That’s the kind of passing of the torch where the crowd is secondary, but even fans attuned to the situation and those willing to let their lust for a five-star classic slide were treated to some truly powerful television. Reigns had been playing sort of a bad guy these last few months, constantly threatening to bury The Undertaker and end his career, and Taker is the ultimate good guy despite his zombie/lord of the underworld persona. Everybody loves him, and there was no way this match was going to play out as anything but Reigns playing the role of the ruthless bastard, going as far as he could with steel chairs to put the beat down on The Dead Man. However, what we didn’t really count on was seeing Joe Anoa’i, the performer who plays the Roman Reigns character, peeking out from behind the character with looks of concern.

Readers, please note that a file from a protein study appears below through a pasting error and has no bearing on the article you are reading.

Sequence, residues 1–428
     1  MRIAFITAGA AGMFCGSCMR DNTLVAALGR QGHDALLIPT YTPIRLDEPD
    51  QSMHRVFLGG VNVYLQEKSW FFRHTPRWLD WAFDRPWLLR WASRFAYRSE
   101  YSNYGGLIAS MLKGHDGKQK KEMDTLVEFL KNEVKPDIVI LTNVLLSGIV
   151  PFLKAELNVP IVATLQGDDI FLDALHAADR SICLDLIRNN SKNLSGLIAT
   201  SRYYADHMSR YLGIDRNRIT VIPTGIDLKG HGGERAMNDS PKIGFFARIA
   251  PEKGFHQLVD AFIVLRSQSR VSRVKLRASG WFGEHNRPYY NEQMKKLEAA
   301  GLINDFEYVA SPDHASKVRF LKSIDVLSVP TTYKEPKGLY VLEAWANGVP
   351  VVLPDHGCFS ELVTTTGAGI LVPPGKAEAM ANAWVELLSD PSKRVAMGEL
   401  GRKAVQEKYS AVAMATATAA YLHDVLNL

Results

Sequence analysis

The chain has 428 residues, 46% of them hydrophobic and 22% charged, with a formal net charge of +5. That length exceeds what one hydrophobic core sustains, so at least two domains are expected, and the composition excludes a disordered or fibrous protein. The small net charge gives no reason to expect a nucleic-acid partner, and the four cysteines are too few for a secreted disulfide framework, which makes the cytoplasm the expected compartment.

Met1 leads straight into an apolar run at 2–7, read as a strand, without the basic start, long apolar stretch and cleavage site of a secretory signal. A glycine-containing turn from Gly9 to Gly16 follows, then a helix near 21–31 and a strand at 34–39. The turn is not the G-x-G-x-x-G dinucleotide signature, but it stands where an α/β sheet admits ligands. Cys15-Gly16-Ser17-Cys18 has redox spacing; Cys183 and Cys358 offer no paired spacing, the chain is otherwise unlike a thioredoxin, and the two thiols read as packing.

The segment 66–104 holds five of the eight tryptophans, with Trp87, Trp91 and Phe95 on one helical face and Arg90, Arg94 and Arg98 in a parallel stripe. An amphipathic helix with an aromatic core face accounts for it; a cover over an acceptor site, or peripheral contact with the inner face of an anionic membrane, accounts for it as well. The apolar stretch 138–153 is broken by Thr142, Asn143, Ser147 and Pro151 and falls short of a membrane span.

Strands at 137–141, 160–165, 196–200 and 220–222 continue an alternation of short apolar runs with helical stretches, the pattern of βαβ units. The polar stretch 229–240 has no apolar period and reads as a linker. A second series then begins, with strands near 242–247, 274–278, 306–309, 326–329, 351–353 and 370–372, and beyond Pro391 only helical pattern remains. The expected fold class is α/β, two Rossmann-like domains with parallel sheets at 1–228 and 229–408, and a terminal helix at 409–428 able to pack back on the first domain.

Breaking character is never ideal, but when it heightens the drama of the situation at hand, there’s really nothing better. Imagine tasking an actor to play a villain so ruthless that he’d gleefully put down a dog. Now imagine asking that actor to play out the scene by putting a real dog down, and you have an idea of how Taker vs Reigns played out. For every hit or slam the Dead Man received, he took twice as long as usual to get up, as the villainous Reigns bided his time by circling like a shark while the actor playing him walked a conflicted tightrope. How do you go through the motions of scripted fiction on a live stage when the very real pain of your co-performer is something your character is meant to exploit?

Seven years earlier, The Undertaker “retired” the highflyer Shawn Michaels in his final match at Wrestlemania 26. A defiant Michaels refused to go down without a grueling fight, but this was when both performers could still hit the necessary highs for a fantastic show. Two years prior at Wrestlemania 24, Michaels himself retired aging veteran Ric Flair, wherein the story was about how Flair, the character, wanted Michaels to be the one to finish him off despite his reluctance. It resulted in one of the more emotional Wrestlemania moments, wherein the lines between fiction and reality blurred and Michaels, the character as well as the performer, mouthed the words “I’m sorry, I love you.” to his real life friend before finishing the match with a painful kick, ending his career in the process.